Biological Invasions (2011) 13, 747-756

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Hua Yu, Jian Liu, Wei-Ming He, Shi-Li Miao and Ming Dong (2011)
Cuscuta australis restrains three exotic invasive plants and benefits native species
Biological Invasions 13 (3), 747-756
Abstract: In this study we conducted field investigations to examine the effects of native Cuscuta australis on three exotic invasive plants (i.e. Ipomoea cairica, Mikania micrantha, and Wedelia trilobata) and on the invaded native communities. The results showed that C. australis produced high infection rates on the exotic invasive hosts but low ones on the native species. Furthermore, the results showed that C. australis exhibited vigorous growth and high reproduction when it grew on M. micrantha and W. trilobata, indicating that these exotic invasive plants are more rewarding hosts than are native plants for C. australis. C. australis infection was positively related to the growth traits (e.g. biomass, cover, and total leaf area) and nutrient contents (e.g. N, P, and K) of the exotic invasive plants. The infections of C. australis significantly decreased the growth and nutrient contents of exotic invasive hosts, and the host-parasite interactions benefited the native species with increased species richness and biodiversity, facilitating the recovery of invaded native communities. This study provides a model for a native agent to both resist exotic invasive plants and benefit other native species. Furthermore, it indicates that certain native agents in invaded regions can be an effective and environmentally benign alternative to traditional biological control.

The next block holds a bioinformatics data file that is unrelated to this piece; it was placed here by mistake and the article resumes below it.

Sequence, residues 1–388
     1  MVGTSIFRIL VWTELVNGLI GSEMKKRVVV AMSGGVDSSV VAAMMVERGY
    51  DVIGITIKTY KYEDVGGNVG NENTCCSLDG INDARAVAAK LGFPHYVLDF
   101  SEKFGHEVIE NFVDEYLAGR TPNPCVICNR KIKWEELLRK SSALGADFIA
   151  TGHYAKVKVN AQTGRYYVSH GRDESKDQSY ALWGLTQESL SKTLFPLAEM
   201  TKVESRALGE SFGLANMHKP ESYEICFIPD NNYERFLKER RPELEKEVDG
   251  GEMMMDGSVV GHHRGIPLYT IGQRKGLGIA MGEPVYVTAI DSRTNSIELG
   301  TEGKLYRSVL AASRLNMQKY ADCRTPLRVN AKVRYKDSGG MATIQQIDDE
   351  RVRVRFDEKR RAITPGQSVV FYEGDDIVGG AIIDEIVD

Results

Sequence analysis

(The abstract is excluded from the Creative Commons licence and has been copied with permission by the publisher.)
Link to article at publishers website

Research topic(s) for pests/diseases/weeds:
environment - cropping system/rotation

Pest and/or beneficial records:

Beneficial Pest/Disease/Weed Crop/Product Country Quarant.

Mikania micrantha (weed)
Cuscuta obtusiflora (weed)
Ipomoea cairica (weed)